Download PDF

Tags: , ,

| What is MyVisionRoom? > | Back to Leadership >

ABOUT THE AUTHOR

Thom Rainer

Thom Rainer

Thom Rainer is the president and CEO of LifeWay Christian Resources.  Prior to LifeWay, he served at The Southern Baptist Theological Seminary for twelve years where he was the founding dean of the Billy Graham School of Missions and Evangelism.  He is a 1977 graduate of the University of Alabama and earned his Master of Divinity and Ph.D. degrees from The Southern Baptist Theological Seminary. In addition to speaking in hundreds of venues over the past 20 years, Rainer led Rainer Group, a church and denominational consulting firm, from 1990 to 2005. The firm provided church health insights to over 500 churches and other organizations over that period. Rainer and his wife, Nellie Jo, have three grown sons: Sam, Art and Jess, who are married to Erin, Sarah and Rachel respectively.  The Rainers have six grandchildren: Canon, Maggie, Nathaniel, Will (with the Lord), Harper, and Bren. He is the author of twenty-four books, including Breakout Churches, Simple Life, Simple Church, Raising Dad, The Millennials, and Essential Church.  His latest book, Autopsy of a Deceased Church, was released in 2014 by B&H Publishing Group.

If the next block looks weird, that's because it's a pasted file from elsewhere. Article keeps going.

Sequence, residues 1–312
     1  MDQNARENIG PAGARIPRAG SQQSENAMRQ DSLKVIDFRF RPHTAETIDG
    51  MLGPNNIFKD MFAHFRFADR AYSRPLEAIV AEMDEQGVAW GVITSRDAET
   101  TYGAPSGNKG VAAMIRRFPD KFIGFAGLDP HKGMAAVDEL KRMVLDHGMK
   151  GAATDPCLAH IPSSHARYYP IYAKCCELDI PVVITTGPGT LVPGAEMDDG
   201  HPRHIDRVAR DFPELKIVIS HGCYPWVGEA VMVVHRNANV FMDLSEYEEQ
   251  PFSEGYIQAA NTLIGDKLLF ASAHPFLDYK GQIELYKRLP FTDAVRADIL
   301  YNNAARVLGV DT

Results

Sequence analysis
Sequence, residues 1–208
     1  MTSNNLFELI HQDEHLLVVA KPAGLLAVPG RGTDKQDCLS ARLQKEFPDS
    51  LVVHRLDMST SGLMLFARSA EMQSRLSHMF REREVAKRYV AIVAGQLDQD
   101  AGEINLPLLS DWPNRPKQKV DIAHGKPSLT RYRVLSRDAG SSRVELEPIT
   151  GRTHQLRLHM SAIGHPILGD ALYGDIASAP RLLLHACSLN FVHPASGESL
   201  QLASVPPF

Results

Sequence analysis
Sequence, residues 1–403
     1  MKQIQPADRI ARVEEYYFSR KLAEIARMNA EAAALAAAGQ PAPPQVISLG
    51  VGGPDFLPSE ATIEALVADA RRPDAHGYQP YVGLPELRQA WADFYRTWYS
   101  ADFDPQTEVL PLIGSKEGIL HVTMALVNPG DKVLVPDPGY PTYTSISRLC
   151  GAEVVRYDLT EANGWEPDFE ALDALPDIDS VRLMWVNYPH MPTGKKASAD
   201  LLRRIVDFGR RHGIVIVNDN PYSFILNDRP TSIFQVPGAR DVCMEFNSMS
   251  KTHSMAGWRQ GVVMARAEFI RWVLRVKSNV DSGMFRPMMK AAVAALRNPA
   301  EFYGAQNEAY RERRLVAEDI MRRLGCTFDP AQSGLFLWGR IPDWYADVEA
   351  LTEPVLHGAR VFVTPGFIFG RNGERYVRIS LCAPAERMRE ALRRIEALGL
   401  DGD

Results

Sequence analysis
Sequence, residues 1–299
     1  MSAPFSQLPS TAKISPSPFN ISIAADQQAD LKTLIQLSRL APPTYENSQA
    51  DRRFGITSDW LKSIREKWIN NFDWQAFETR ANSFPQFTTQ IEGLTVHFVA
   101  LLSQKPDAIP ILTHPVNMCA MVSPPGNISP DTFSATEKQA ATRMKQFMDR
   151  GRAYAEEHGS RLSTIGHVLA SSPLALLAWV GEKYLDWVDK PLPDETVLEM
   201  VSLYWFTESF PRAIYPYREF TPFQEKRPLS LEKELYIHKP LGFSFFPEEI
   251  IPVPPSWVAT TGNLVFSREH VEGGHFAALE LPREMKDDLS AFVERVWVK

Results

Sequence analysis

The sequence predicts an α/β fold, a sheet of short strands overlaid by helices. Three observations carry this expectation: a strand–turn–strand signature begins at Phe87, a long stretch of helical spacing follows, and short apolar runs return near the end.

See more articles by >

COMMENTS

What say you? Leave a comment!

Recent Comments
comment_post_ID); ?> I like it Mac and do agree with your opinions on the matter. Thanks much
 
— winston